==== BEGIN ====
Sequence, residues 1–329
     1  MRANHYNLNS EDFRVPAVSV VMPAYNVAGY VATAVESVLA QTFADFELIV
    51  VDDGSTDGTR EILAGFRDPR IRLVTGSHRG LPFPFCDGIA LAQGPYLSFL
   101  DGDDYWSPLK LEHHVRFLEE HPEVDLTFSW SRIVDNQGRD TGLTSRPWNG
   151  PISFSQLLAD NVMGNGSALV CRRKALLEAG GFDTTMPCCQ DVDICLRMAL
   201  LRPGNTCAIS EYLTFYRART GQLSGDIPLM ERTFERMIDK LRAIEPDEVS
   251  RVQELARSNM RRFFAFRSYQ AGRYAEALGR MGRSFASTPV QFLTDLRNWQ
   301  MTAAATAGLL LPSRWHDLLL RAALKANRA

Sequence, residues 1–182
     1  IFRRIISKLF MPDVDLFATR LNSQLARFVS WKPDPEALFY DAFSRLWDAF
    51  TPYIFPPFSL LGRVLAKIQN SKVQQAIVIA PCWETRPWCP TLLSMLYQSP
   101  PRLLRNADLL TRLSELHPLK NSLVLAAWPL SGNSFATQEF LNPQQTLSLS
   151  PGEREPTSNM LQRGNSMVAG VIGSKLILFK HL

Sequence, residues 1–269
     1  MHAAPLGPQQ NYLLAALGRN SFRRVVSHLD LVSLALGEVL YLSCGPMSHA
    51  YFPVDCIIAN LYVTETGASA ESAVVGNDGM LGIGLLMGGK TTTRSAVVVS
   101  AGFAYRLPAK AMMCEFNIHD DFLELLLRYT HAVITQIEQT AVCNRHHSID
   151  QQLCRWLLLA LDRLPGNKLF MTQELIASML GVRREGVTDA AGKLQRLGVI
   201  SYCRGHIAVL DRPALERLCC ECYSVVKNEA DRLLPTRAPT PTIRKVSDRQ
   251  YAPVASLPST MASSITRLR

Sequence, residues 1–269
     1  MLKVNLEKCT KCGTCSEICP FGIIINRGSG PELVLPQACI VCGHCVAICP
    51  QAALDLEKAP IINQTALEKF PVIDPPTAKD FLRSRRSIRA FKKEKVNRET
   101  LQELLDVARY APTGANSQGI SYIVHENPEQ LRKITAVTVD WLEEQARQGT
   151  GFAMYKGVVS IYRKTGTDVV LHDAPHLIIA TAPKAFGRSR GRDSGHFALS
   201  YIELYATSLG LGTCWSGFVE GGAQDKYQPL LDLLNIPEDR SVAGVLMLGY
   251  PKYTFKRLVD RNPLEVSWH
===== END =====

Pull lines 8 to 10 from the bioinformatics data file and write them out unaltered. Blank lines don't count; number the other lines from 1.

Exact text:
   301  MTAAATAGLL LPSRWHDLLL RAALKANRA

Sequence, residues 1–182
     1  IFRRIISKLF MPDVDLFATR LNSQLARFVS WKPDPEALFY DAFSRLWDAF